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On September 9th, President Biden released the Path Out Of The Pandemic, his six-pronged COVID-19 Action Plan, which contained sweeping vaccine mandates for thousands of employers. Among other things, the Plan requires that employers with 100 or more employees, employers in the healthcare industry and federal contractors implement mandatory vaccine requirements for their employees. It is expected that these new requirements will impact approximately 100 million employees nationwide and will require immediate action by many employers.

Employers with 100 or More Employees

The Occupational Safety and Health Administration (OSHA) will soon issue requirements for all employers with 100 or more employees to ensure their workforce is fully vaccinated or require any workers who remain unvaccinated to produce a negative test result on at least a weekly basis before coming to work. Failure to comply with these requirements may result in penalties of up to $14,000 per violation.

OSHA will also require that employers subject to the vaccine requirement to provide paid time off to employees for time spent getting the vaccine and recovering post-vaccination.

It is expected that this requirement will impact over 80 million workers nationwide.

Employers in the Healthcare Industry

The Centers for Medicare & Medicaid Services (CMS) will require COVID-19 vaccinations for workers in most healthcare settings that receive Medicare or Medicaid reimbursement, including but not limited to hospitals, dialysis facilities, ambulatory surgical settings and home health agencies.

The vaccine requirements will apply to nursing home and hospital staff as well as staff in other CMS-regulated settings, including clinical staff, individuals providing services under arrangements, volunteers and staff who are not involved in direct patient, resident or client care.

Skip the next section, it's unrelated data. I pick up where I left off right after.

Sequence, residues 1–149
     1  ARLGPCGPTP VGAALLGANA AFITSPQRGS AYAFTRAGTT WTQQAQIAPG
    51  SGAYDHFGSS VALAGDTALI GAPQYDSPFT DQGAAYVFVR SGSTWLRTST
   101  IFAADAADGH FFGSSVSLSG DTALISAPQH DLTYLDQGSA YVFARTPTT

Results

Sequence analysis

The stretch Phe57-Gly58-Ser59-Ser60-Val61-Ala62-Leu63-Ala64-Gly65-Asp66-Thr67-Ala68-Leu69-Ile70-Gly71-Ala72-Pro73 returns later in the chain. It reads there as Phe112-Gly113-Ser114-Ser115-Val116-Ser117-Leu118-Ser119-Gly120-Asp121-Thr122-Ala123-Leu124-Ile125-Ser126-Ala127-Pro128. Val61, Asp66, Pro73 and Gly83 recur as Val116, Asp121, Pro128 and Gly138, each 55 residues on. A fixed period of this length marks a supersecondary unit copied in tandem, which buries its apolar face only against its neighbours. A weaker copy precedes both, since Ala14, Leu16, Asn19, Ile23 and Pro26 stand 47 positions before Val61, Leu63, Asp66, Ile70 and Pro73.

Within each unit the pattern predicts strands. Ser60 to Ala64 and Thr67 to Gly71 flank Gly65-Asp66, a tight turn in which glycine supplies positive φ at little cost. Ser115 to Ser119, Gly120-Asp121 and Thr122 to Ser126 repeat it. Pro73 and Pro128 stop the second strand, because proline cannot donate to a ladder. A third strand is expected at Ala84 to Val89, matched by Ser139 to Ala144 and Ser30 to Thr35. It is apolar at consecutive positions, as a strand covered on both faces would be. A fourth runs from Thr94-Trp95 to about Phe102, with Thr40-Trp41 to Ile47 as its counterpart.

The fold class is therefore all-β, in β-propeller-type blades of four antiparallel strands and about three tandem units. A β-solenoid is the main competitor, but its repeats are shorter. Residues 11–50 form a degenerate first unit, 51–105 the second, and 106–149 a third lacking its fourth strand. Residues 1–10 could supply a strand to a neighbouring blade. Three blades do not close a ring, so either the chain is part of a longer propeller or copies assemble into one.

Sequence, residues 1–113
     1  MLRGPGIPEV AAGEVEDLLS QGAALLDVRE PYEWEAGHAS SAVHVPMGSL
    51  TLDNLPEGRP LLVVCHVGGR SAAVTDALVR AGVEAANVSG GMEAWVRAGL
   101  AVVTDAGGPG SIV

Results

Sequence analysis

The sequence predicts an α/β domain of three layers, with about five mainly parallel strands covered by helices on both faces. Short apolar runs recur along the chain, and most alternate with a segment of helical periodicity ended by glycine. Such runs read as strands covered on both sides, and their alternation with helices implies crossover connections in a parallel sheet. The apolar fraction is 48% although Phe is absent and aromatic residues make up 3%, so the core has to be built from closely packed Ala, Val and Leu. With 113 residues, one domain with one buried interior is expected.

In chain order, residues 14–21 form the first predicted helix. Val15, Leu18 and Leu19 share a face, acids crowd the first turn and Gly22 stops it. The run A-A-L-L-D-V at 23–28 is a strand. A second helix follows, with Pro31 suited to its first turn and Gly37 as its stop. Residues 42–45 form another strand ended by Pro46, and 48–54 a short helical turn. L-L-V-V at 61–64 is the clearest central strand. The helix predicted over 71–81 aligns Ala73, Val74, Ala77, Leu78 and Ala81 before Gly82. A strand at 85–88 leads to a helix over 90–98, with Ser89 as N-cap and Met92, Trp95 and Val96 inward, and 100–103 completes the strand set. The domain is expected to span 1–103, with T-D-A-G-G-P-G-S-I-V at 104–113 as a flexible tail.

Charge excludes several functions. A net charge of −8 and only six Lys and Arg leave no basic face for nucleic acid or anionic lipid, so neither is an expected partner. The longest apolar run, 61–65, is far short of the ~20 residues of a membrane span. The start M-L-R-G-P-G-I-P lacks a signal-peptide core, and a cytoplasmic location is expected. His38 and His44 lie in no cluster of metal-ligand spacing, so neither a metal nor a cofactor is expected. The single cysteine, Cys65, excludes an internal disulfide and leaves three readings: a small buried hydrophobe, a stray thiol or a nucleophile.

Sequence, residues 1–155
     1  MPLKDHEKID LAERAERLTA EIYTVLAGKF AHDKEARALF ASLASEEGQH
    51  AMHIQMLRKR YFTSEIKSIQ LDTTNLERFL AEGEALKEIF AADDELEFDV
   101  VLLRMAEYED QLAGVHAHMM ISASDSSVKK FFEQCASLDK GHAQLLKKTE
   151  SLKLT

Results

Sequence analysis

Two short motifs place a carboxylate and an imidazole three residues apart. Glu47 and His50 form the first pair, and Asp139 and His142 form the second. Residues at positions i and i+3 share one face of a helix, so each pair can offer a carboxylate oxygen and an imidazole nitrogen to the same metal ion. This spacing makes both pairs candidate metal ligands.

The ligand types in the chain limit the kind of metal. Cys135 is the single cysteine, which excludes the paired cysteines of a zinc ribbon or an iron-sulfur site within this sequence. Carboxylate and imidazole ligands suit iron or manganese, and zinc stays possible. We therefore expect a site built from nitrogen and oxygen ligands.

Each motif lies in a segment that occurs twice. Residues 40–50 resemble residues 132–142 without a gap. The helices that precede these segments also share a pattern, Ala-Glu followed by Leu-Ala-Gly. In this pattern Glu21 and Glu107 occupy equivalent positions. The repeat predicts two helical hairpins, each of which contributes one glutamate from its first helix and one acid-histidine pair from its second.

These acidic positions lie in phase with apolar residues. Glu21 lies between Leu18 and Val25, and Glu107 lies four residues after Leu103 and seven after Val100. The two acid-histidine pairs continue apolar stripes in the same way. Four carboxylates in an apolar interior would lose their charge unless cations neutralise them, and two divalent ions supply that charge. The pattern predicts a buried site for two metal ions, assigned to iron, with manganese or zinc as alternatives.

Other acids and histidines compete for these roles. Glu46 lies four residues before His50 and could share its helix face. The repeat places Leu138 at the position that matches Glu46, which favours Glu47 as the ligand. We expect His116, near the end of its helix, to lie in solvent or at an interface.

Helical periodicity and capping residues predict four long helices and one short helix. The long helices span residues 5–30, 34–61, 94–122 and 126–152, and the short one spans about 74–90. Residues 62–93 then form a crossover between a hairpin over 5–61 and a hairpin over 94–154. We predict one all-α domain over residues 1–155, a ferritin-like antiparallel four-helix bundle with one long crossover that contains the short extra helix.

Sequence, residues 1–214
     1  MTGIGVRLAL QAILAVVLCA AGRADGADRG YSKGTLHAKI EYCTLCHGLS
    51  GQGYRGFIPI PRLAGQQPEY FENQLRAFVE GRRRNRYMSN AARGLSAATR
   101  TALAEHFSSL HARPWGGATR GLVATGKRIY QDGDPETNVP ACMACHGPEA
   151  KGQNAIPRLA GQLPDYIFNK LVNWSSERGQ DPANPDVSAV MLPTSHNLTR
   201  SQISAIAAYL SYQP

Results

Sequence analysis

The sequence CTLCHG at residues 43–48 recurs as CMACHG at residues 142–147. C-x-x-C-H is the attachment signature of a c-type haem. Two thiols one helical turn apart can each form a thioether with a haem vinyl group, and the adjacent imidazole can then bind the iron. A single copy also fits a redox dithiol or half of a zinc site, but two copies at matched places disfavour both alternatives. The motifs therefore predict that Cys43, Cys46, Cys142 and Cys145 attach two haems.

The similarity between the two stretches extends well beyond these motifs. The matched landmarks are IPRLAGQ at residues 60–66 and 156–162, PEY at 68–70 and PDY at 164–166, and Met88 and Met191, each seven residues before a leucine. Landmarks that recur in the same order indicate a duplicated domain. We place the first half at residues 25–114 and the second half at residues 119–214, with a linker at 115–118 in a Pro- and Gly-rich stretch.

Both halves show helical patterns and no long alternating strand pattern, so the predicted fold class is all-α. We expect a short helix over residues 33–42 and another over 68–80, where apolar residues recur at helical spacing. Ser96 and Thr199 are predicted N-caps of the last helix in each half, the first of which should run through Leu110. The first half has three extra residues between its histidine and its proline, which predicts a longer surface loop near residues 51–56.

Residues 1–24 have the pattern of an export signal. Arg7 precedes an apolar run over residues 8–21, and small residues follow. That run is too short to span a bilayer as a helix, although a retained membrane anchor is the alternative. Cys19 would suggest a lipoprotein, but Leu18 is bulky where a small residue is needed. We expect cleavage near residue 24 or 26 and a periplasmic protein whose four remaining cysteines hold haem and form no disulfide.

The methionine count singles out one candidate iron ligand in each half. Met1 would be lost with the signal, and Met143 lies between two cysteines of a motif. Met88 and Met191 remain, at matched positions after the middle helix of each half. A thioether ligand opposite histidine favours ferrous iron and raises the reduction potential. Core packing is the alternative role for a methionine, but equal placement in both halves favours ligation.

It is expected that this requirement will impact approximately 17 million healthcare workers across the country. CMS will publish an Interim Final Rule with Comment Period in October.

Federal Workers and Contractors

President Biden signed Executive Orders requiring COVID-19 vaccinations for all federal executive branch employees and employees of federal contractors and subcontractors within the next 75-days, subject to limited exceptions for certain medical conditions and sincerely held religious beliefs.

Notably, these orders, which supplement President Biden’s July 29, 2021 directive that employees and onsite contractors must disclose their vaccination status and, if they were not vaccinated, to mask, socially distance and undergo regular testing, eliminate the testing option for those who are not vaccinated unless they receive an approved exemption. 

The Safer Federal Workforce Task Force is expected to provide further guidance for federal contractors by September 24.

It is expected that these requirements will impact approximately 2.5 million workers nationwide.

Key Takeaways:

You need to begin planning now and to consider questions such as: how does this new policy reconcile with state and local laws that may seemingly conflict? Will we need to pay for testing? Can and should we conduct testing on site and, if so, how will we manage the collection and safe-keeping of employee medical data? How will this policy apply to our remote work force?

We can help you wade through these questions along with the multitude of additional questions that employers like you are asking right now.

While the specific requirements will be detailed in the coming days and weeks, employers subject to these new mandates should take the following steps:

  • Work with counsel to establish a vaccination policy and procedure that is consistent with the current mandates and applicable law, and stand ready to update that policy once OSHA issues its Temporary Emergency Standard.
  • Consider whether to offer the vaccine to employees onsite or require employees to obtain the vaccine from a third party and the associated legal implications.
  • Consider whether you will pay for the weekly test and the wage and hour implications associated with obtaining the weekly test.
  • Work with counsel to develop a reasonable accommodation request form, and to implement a process by which employees can request an exemption or other accommodation on account of a qualifying medical condition or sincerely held religious belief, leading to an interactive process and potential accommodations.
  • Work with counsel to develop a process for employees to demonstrate proof of vaccination and appropriate controls to protect and maintain vaccination documentation.

Our legal and federal government relations teams are actively monitoring these legal changes, policy implications, and further potential action by the Administration and Congress.